DTNS 2162 – PaperBowl

Logo by Mustafa Anabtawi thepolarcat.com+Patrick Beja joins to talk about the dispute over Facebook’s Paper app, who won the Super Bowl on the Internet and Flappy Bird.

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Show Notes

Attn: Facebook Legal, Trademark Division: The NY Times reports that hot on the heels of the release in the US today of Facebook’s new iOS app Paper, comes a complaint from a company called FiftyThree that makes an award-winning drawing app called Paper. Georg Petschnigg, co-founder and chief executive of FiftyThree told the NY Times he has asked in writing for Facebook to refrain from using the name. He also took to the FiftyThree blog to implore Facebook to “apply the same degree of thought they put into the app into building a brand name of their own.” FiftyThree has a trademark on the name “Paper by FiftyThree.” There are many other apps in the iOS App Store called Paper as well.

Windows 8.1 is now 4th most popular Windows OS TechCrunch passes along some Netmarketshare data from January showing that Windows 8.1 has passed up Vista to become, as of January, the 4th most popular edition of Windows at 3.95% to Vista’s 3.3%. The most popular Windows is XP with 29.3% an actual rise over December’s 28.98%. Meanwhile the first update to Windows 8.1 known as Update 1 leaked over the weekend showing interface changes making it easier to use a keyboard and mouse, and the ability to pin Metro apps to the desktop. Update 1 is expected to be released as early as March 11.

News From You

DrewCPU, mranthropology and a whole bunch of other folks are excited about this Next Web report that Google has opened up the ChromeCast to all developers. The SDK for Android, iOS, the Web and Chrome. Developers can incorporate the code into existing apps without having to rewrite. Developers can get the new SDK at developers.google.com/cast/ and sample apps at GitHub. Users of ChromeCast should expect to see many more apps with ChromeCast capability in the coming months.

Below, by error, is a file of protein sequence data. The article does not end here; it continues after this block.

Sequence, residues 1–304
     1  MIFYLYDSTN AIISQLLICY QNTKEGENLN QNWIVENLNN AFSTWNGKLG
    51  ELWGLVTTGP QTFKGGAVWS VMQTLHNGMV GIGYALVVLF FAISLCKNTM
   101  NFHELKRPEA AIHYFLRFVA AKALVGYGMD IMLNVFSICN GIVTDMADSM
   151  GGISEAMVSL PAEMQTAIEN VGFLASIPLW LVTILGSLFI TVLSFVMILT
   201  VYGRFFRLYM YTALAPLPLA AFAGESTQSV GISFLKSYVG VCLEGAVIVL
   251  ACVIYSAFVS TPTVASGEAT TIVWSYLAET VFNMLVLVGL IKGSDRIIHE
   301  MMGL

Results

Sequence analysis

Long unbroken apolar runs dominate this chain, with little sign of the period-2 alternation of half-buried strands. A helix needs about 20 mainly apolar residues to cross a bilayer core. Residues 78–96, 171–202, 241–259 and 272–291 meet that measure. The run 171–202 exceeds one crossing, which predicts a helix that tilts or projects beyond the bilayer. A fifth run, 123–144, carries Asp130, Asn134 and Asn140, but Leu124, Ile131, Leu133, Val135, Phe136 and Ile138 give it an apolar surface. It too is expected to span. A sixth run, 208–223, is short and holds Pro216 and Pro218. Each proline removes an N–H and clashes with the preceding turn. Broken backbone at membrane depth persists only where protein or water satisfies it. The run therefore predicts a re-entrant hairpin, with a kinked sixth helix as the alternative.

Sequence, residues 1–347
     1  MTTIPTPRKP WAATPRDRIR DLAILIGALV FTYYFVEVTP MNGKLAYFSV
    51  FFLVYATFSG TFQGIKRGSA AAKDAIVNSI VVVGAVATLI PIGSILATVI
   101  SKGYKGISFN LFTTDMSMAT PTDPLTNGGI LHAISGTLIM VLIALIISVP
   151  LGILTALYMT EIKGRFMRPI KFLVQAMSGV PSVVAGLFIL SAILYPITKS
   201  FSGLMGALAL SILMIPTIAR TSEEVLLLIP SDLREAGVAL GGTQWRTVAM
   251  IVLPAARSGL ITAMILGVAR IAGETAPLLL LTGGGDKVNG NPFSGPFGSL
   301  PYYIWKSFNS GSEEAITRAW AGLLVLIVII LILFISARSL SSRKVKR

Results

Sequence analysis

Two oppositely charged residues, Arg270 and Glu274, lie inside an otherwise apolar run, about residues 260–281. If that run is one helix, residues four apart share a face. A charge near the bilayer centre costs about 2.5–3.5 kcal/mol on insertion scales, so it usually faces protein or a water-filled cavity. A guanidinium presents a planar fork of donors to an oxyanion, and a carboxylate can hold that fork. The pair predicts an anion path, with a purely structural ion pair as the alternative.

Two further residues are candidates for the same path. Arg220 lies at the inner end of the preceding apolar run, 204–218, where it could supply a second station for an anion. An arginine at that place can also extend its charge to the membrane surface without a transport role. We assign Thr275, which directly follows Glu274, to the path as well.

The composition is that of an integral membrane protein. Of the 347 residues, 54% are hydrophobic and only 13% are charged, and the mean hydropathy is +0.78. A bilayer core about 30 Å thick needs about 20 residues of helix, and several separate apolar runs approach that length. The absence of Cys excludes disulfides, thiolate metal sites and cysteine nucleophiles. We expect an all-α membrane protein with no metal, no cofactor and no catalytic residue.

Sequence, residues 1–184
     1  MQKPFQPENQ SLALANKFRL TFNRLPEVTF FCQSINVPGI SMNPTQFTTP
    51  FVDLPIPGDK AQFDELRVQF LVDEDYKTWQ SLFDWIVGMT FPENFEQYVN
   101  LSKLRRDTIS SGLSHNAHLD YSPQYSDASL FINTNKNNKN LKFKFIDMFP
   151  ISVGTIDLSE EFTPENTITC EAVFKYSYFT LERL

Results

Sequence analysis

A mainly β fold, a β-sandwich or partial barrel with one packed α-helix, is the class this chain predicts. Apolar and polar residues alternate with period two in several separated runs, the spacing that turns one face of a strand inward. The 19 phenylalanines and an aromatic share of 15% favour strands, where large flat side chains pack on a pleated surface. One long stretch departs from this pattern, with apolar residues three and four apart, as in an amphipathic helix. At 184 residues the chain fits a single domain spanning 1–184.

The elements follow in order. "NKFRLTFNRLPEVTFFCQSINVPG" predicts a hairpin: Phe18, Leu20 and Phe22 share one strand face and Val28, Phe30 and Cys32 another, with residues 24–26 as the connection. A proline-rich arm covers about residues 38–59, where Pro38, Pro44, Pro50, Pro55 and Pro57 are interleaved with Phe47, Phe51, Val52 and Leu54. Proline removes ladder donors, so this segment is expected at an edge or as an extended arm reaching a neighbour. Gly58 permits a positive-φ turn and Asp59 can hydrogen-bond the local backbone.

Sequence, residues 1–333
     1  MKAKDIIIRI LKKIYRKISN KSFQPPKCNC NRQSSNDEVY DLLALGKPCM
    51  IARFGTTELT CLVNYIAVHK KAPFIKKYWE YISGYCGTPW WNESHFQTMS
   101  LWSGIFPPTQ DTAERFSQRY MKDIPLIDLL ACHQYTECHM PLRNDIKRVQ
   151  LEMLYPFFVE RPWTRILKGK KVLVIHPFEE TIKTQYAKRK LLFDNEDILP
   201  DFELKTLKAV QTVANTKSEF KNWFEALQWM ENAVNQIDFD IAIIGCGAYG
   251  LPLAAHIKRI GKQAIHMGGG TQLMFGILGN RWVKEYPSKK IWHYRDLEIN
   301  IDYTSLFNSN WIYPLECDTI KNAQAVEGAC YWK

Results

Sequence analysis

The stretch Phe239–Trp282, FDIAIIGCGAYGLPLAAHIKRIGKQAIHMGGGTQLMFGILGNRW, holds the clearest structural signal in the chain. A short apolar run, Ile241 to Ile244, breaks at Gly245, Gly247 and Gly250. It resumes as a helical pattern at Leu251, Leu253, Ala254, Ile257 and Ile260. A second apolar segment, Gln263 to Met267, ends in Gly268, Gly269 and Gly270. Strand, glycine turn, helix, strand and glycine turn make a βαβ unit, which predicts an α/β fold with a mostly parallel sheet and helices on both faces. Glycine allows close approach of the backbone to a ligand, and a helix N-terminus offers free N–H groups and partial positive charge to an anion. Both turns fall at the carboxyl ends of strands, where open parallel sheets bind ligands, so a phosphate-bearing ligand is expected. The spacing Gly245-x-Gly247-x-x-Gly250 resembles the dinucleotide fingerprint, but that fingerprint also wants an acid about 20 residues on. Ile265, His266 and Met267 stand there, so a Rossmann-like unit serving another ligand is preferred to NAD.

The Verge reports Microsoft, Google, LinkedIn, Facebook and Yahoo have all now reported numbers for National Security Letters and requests made under the US Foreign Intelligence Surveillance Act. Combined the numbers can only be reported to the nearest 250 and if separated only to the nearest 1000. Apple and LinkedIn reported their numbers last week and chose to report combined numbers of fewer than 250 requets. The remaining companies today broke the requests into categories. No company listed getting more than 999 orders in six months for any one category.

AllanAV posted a DSLReports link to a TorrenTFreak article about an AT&T Mobility patent filed in September that would enable a carrier to charge a customer more money for certain kinds of traffic, like file sharing or video. A user gets a certain number of credits for certain types of traffic and data requested is checked to see if it is permissible or non-permissible according to the carrier. While a patent filing is far from a working system, the recent decision against FCC Net Neutrality guidelines makes systems like this more interesting to follow.

More links from the show:

Apple experimenting with wireless charging

Beta Chrome browser to receive Google Now notifications via notifications center on Mac, Windows, Chromebook computers:

Reuters reports the US Department of Transportation will propose a rule mandating vehicle-to-vehicle communication technology be built into cars be put into place by 2017.

PC Magazine reports that the super popular Android and iOS app FlappyBird is coming to Windows Phone.

Tom Written by: